On Wednesday, the Supreme Court of India handed down judgment in Navtej Singh Johar & Ors v Union of India & Ors (2018) SCC (6 September). The Court held unanimously that “consensual carnal intercourse among adults, be it homosexual or heterosexual, in private space, does not in any way harm the public decency or morality”. Therefore, the criminalisation by Section 377 of the Indian Penal Code of “carnal intercourse against the order of nature with any man, woman or animal” violates Articles 14, 15, 19, and 21 of the Constitution insofar as it applies to “consensual sexual acts of adults (i.e. persons above the age of 18 years who are competent to consent) in private”:
Church in Wales vacancy for Head of Legal Services
The Church in Wales is advertising for a Head of Legal Services, in succession to Lyn Chandler. The Church is seeking a qualified solicitor to lead in the in-house team and external solicitors over a broad range of legal services including residential and investment property transactions, trusts, employment law and charity law. The successful candidate will also be responsible for giving advice to “a range of senior stakeholders” and, from time to time, leading on special legal projects.
- David Alton and Jan Figel, The Times: We need an international day for victims of religious persecution: we aren’t entirely convinced.
- Shehnal Amin, Farrer & Co WorkLife: Employment and the Equality Act: people protected or caste aside?: on the Government’s decision not to legislate to make caste a protected characteristic.
- Charity Commission for England & Wales: Charity Commission alerts, decisions, reports and statements: link page, updated 5 September.
- European Parliament Intergroup on Freedom of Religion or Belief and Religious Tolerance: Freedom of Religion or Belief Annual Report 2017.
- Michael Ford, Oxford Human Rights Hub: The Long and Winding Road of Caste Legislation in the UK: “The suspicion is that protection against discrimination took a very poor second place to the Government’s eagerness to duck as soon as it could what it described as an ‘exceptionally controversial issue’.”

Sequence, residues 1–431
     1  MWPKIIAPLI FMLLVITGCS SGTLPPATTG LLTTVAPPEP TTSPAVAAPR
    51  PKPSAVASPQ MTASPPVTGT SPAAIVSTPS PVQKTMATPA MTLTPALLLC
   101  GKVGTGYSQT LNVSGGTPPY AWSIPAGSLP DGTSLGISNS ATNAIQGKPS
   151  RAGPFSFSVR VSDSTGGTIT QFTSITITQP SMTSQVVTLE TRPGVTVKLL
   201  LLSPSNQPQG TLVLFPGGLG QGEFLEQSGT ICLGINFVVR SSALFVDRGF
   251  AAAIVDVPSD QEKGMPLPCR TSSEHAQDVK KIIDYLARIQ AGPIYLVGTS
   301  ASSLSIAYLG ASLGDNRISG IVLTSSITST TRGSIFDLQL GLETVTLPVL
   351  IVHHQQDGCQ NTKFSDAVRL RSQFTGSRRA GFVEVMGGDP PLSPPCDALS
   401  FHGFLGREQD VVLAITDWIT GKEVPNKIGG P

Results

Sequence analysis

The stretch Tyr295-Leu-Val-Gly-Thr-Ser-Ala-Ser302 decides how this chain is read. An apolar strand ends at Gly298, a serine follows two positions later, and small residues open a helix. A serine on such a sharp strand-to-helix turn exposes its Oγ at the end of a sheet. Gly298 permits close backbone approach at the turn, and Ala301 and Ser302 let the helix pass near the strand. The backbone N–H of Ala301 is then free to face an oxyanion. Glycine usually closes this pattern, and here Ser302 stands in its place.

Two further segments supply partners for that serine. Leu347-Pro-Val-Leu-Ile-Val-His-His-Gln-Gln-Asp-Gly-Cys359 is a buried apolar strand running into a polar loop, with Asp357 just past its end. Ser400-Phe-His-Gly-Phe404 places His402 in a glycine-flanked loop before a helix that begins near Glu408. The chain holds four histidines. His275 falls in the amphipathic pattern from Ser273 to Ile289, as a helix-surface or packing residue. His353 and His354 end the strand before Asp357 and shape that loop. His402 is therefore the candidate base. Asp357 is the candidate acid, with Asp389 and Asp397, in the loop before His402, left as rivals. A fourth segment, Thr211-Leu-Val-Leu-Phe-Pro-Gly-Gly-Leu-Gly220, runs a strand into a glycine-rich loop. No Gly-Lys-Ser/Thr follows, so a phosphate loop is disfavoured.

- National Centre for Social Research: Church of England numbers at record low: “The most recent British Social Attitudes survey reveals that the number of Brits who identify as Church of England has more than halved in the last fifteen years.”
- Neil Foster, Law and Religion Australia: Does the Secular Party know better than a child’s parents?: on a recent religious dress case, Secular Party of Australia Inc v the Department of Education and Training (Human Rights)  VCAT 1321 – he concludes that it doesn’t.
- Charlotte Kelly, Oxford Human Rights Hub: A Human Right to Divorce?: short answer, “No”.
- Council of Europe: “A safety net for the people of Europe”: 65 years of the European Convention on Human Rights: the ECHR entered into force on 3 September 1953.
- Lucy Series, The Small Places: Some Thoughts from the Lakes: on amending the Mental Capacity Act.
- Adam Wagner, The Guardian: We must protect the European Convention on Human Rights like it protects us.
“In the United Kingdom, children of 16 and 17 need the consent of their parents to be married”, writes Pauline Latham MP in The Times and asks “why are we not leading the way by increasing the legal age of marriage in this country from 16 to 18, the recognised age of adulthood?”
Not exactly, Ms Latham: they do need consent in England, Wales and Northern Ireland but they don’t in Scotland. And it depends what you mean by “this country”: marriage law is a devolved matter in both Scotland and Northern Ireland. But why let facts get in the way of an op-ed piece?